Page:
“The Things Nobody Tells You About Grief”

A friend of mine recently had her mother pass away due to cancer. She posted this link, The Things Nobody Tells You About Grief, written by another blogger whose mother also passed away. It was both interesting and sad to read about death from someone else’s perspective. To me, it really brought out how we have these prescribed cultural norms that are supposed to ease the process of letting someone go, but when in reality, it does not change the cold, hard truth: that person is gone.

The blogger specifically calls out the never ending awkward and very cliche phrases that people feel the necessity to speak when talking to someone who has suffered a loss.

“They wouldn’t have known anything about it. It would have been quick.”
“Anything I can do, just call.”
“They’re in a better place.”
“They’re not suffering anymore.”
“They’re with Grandma and Fido now.”

I think of these comments as “prescription phrases”. We say them because society tell us to, but we have only a vague idea of what they actually mean. Similar to taking medicines from the doctor, we take them without really understanding the pathophysiology behind it.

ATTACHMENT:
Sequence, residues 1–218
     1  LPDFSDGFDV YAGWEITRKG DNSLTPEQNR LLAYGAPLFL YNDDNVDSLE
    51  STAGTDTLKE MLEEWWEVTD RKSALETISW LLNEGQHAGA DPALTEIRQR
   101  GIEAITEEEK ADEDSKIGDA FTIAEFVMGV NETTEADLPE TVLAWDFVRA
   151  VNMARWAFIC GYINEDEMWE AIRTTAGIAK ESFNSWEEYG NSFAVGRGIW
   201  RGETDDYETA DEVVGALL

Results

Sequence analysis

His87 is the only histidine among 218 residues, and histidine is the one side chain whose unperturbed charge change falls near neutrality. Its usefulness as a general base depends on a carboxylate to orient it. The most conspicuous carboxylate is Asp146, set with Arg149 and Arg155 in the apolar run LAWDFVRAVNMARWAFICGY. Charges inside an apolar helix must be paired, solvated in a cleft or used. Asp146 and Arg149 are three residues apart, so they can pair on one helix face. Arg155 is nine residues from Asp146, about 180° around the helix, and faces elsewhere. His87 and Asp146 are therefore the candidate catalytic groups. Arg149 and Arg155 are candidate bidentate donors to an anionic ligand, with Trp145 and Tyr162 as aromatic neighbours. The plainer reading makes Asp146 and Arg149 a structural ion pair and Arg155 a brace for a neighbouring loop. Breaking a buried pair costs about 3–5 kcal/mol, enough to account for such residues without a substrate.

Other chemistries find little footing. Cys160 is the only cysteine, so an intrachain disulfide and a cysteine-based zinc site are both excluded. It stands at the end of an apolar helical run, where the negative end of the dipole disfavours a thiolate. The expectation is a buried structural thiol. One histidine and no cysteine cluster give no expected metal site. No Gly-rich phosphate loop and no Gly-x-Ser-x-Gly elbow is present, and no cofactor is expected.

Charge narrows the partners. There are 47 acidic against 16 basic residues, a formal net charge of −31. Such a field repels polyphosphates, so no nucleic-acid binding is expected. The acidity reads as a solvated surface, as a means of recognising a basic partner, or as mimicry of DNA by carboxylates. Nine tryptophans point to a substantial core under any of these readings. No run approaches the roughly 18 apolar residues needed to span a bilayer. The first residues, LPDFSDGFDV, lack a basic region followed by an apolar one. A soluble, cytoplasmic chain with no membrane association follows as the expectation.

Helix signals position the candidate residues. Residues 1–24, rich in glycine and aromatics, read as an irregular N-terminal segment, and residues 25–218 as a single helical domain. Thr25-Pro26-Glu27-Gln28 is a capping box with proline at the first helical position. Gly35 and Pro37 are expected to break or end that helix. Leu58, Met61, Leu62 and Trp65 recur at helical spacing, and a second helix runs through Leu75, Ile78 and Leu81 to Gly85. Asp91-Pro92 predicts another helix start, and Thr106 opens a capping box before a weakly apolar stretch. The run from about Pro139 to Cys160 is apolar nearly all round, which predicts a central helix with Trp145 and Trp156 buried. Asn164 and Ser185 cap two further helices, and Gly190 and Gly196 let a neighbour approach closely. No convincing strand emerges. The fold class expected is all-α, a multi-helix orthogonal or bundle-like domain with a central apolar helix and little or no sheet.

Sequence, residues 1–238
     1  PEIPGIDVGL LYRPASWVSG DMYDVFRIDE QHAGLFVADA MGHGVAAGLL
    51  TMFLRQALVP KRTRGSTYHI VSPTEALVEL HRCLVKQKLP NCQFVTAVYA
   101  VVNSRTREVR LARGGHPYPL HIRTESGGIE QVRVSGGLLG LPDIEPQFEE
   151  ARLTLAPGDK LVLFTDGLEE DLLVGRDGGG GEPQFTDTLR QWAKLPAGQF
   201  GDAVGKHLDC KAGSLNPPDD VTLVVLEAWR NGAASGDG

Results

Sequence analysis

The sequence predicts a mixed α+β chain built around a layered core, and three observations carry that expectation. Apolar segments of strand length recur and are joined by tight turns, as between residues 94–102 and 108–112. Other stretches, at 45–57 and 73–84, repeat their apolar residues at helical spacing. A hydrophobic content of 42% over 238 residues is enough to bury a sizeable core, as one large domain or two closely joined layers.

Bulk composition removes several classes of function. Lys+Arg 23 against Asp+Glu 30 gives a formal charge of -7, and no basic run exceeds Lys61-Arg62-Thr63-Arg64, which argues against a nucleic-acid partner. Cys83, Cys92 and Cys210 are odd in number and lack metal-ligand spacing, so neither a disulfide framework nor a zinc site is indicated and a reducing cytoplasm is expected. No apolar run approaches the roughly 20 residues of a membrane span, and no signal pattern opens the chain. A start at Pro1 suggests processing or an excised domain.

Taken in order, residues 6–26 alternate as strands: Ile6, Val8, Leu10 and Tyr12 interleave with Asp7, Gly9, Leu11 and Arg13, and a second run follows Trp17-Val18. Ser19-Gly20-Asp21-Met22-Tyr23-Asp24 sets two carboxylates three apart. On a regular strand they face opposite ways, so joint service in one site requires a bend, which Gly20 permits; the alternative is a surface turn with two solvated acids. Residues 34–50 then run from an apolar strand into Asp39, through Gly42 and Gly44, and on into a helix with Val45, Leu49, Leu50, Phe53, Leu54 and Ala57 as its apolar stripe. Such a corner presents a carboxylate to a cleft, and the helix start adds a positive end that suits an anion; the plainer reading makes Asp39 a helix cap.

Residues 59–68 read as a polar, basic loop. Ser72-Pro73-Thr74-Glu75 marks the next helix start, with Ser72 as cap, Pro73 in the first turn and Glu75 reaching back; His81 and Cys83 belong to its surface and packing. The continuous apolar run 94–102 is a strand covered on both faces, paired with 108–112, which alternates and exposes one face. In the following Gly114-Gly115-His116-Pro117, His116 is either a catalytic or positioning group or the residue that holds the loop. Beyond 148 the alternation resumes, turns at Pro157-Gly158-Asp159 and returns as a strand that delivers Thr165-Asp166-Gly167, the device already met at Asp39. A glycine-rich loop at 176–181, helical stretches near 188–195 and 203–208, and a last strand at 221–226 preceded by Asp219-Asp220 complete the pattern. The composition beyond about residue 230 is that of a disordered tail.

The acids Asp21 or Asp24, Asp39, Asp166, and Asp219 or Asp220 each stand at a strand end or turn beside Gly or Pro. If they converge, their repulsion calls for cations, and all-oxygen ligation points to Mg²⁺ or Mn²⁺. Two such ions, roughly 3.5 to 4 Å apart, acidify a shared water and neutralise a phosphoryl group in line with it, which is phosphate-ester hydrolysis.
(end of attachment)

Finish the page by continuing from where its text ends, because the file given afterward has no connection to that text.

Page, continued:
In light of our recent discussions, this blog post emphasized the role of grief and mourning for the living more so than the dead. The rituals, the process, and the time that go into mourning the death of a loved one is more than just recognizing someone’s existence. It’s about finding closure and life after the death of a loved one. For the people that are coping, it is the little things like comfort and sanity that matter most. This post also points out many of the behavioral changes that accompany death, such as “muddled mind”, “tears”, “triggers”, etc. I think as an outsider it is easier to dismiss these subtleties in grief. Maybe we simply accept them as natural or normal without having any adequate methods of dealing with these issues.

It seems our go-to-response in the face of death, grief, or mourning is to dismiss, ignore, and forget rather than acknowledge, provide, or remember the impacts the death of a loved person can have.

“You don’t know what you’ve got, till it’s gone.”


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